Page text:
Donohoe says it would cost €209m a year to eliminate two-tier pay scale

By |2017-06-03T08:25:56+01:00June 3rd, 2017|News|

Pay scales for incoming new recruits to the public sector were reduced by 10% in January 2011

Pay scales for incoming new recruits to the public sector were reduced by 10% in January 2011

It would cost €209 million a year to give equal pay to public servants recruited since 2011 on lower pay scales, according to the Minister for Public Expenditure and Reform Paschal Donohoe.

In January 2011, during the economic crisis, the then government reduced the pay scales for incoming new recruits by 10%.

As a result, many are now earning significantly less than colleagues recruited prior to that date.

In the Dáil, Sinn Féin spokesperson on Public Expenditure and Reform David Cullinane asked Mr Donohoe how much it would cost to restore all those on a two-tier pay structure to parity with their pre-2011 colleagues.

The Minister said the cost of moving all new entrants recruited since 2011 up two incremental points to put them on an equal basis with their colleagues would be over €209m – excluding any cost for retrospective payments.

He said the calculation was based on a costing for the education sector of €70m, which management used to work out the consequences for other departments.

Mr Donohoe noted that the total cost of pay restoration under the current Lansdowne Road Agreement is €844m over three years, while the total cost of restoring all remaining pay and pension cuts imposed under financial emergency legislation would be €1.4 billion.

He warned that restoration would have to acknowledge competing pressures for investment in public services.

Mr Cullinane said the two-tier payment system was unfair, adding that it was reasonable and fair that what he called the “sore” which had been at the heart of many disputes in hospitals, schools and Garda stations would be put to bed and dealt with once and for all.

Mr Donohoe said the Public Service Pay Commission had not found evidence that reduced pay rates for new entrants represented a barrier to recruitment in the public service in general.

He said that even if it did, the best way the State can increase pay is by the affordable unwinding of FEMPI legislation.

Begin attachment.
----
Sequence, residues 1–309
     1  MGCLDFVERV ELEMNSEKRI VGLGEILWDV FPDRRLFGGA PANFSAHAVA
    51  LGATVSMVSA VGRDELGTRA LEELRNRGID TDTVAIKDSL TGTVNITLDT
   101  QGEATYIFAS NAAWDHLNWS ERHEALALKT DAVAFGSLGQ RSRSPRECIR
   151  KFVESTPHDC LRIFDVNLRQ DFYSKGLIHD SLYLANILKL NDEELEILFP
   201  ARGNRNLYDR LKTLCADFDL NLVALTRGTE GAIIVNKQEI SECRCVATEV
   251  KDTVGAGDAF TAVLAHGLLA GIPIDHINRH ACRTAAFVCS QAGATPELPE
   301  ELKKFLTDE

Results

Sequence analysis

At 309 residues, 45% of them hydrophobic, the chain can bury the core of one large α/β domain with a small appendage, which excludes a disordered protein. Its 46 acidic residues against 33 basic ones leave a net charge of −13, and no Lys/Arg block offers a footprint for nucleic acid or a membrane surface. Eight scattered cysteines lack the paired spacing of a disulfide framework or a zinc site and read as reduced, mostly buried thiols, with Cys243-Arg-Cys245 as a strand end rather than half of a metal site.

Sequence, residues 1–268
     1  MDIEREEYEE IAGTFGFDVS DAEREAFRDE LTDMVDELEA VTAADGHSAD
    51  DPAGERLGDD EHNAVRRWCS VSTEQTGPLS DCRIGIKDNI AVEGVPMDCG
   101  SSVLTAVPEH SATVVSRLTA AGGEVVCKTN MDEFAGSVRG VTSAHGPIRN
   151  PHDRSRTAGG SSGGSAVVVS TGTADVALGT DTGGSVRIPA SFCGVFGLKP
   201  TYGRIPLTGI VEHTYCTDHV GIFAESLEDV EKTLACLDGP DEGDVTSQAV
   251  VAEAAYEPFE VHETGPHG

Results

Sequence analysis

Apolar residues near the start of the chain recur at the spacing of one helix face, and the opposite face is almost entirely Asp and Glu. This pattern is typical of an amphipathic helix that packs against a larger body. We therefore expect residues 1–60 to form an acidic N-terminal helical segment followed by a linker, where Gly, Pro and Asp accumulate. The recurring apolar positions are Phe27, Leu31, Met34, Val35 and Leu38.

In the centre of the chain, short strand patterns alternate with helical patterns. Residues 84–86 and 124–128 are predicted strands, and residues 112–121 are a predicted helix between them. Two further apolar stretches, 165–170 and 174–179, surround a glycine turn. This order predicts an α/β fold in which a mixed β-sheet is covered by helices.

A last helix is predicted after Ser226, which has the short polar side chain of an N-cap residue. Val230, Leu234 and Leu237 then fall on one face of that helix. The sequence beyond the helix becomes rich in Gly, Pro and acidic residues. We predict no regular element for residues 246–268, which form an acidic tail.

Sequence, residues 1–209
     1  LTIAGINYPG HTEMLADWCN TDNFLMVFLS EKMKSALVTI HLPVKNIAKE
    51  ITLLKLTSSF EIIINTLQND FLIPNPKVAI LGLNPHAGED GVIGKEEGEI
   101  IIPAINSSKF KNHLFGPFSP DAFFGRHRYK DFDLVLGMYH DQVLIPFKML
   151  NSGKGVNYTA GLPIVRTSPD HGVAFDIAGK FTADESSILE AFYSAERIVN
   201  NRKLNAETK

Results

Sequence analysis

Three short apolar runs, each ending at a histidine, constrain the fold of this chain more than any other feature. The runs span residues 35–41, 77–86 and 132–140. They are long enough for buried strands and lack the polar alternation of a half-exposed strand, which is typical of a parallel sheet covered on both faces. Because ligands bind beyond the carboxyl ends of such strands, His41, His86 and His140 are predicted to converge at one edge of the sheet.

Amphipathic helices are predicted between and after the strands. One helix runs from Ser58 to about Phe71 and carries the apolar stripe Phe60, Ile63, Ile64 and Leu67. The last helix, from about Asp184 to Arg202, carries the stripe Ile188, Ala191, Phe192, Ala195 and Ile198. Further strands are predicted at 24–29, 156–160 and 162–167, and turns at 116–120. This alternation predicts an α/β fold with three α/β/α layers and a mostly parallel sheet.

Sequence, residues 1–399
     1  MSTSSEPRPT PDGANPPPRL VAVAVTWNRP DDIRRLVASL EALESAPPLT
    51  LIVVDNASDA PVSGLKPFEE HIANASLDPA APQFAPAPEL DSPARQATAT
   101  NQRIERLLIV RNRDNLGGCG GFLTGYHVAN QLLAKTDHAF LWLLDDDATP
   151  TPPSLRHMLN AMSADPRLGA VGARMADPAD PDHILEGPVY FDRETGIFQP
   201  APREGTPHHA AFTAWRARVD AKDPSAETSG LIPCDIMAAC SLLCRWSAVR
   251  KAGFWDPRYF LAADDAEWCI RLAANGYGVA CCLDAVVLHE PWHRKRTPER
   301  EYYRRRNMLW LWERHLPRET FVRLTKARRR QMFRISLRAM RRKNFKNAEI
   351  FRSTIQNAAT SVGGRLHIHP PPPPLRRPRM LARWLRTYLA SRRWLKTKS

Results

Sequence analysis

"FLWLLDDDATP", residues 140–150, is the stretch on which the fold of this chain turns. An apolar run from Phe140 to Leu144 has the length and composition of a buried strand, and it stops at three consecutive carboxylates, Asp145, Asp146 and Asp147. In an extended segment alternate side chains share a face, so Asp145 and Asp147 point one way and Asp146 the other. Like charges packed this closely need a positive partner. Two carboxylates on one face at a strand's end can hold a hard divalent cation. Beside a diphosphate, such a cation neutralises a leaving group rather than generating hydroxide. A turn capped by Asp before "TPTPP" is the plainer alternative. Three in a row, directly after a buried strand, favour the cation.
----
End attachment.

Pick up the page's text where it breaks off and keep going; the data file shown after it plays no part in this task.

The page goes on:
Fianna Fail spokesperson on Public Expenditure and Reform Dara Calleary cited the recruitment and retention difficulties in the nursing profession, and the fact that the HSE is now sending missions to India to recruit nurses.

He said that he was afraid that if the public service did not become an employer of equality, they have a very difficult job selling any new pay agreement.

Asked by Mr Calleary about cuts to public service pensioners during the recession, Mr Donohoe defended the Government’s record in restoring the cuts, saying that as of 1 January all pensions below €34,132 would be exempt from the pension levy imposed during the crisis.

When Mr Cullinane advocated eliminating cuts sooner, Mr Donohoe accused him of “hollow rhetoric” – a charge rejected by Mr Cullinane.

Harris: State’s ability to pay critical to public deal 

Earlier the Minister for Health warned that a critical factor for any future public service pay agreement will be the State’s ability to pay while there are competing pressures on the public purse.

Speaking at an IMPACT Health and Welfare Conference in Wexford, Simon Harris noted that public service pay accounts for 31% of total current expenditure.

The health sector in turn accounts for around a third of the State workforce – so increases awarded in any successor deal to the Lansdowne Road Agreement will have significant budgetary impact in that sector.

Mr Harris said it was his firm belief that a good deal can be reached.

However, IMPACT General Secretary Shay Cody, who is also the chief union negotiator, outlined the difficult nature of the negotiations, because of the narrow fiscal space of €200m available for 2018.

He said the gap was very challenging, but not just on the money front, also in regard to the whole array of terms and conditions for public servants.

He said everyone would have to make a judgement as to whether there would be what he called sufficient “substance” to any proposal that would be worth putting to members with any prospect of acceptance.

Mr Cody said IMPACT was absolutely clear that no potential successor to the Lansdowne Road Agreement could ever go forward if it included the current outsourcing proposals.

Sources on the management side acknowledged that there were big differences between both sides, but said they were continuing to work through the agenda.

They said 2018 would be very difficult from the Government’s perspective, but added that expectation levels among unions pose a real challenge.

It is now accepted that the talks will miss their original completion target of tomorrow, and will run well into next week at the very least.

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